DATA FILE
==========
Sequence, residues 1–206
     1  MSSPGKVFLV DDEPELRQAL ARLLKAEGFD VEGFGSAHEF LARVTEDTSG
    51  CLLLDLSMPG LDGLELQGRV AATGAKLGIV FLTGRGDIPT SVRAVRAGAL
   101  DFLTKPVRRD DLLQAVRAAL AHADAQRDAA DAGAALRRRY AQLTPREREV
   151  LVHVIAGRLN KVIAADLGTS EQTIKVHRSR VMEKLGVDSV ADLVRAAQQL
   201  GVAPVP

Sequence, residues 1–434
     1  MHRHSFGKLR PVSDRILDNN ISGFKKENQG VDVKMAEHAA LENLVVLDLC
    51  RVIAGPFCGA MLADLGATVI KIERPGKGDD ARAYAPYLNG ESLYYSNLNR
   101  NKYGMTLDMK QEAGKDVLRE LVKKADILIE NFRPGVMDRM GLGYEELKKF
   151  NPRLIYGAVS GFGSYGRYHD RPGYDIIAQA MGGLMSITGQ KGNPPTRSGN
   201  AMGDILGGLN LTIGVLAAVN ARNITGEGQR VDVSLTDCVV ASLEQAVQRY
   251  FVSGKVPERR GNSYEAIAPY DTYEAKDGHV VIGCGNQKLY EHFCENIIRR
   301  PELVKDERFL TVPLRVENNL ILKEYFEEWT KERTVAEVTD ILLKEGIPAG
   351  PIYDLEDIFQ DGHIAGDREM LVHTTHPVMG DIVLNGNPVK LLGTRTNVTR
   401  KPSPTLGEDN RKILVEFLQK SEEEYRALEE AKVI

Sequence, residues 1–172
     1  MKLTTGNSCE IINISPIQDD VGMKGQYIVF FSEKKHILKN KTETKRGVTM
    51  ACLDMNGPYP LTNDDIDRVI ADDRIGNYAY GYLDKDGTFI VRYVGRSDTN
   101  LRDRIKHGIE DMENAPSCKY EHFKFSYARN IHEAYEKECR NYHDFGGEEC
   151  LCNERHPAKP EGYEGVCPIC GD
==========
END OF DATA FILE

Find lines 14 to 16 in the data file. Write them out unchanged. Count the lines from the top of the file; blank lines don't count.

   301  PELVKDERFL TVPLRVENNL ILKEYFEEWT KERTVAEVTD ILLKEGIPAG
   351  PIYDLEDIFQ DGHIAGDREM LVHTTHPVMG DIVLNGNPVK LLGTRTNVTR
   401  KPSPTLGEDN RKILVEFLQK SEEEYRALEE AKVI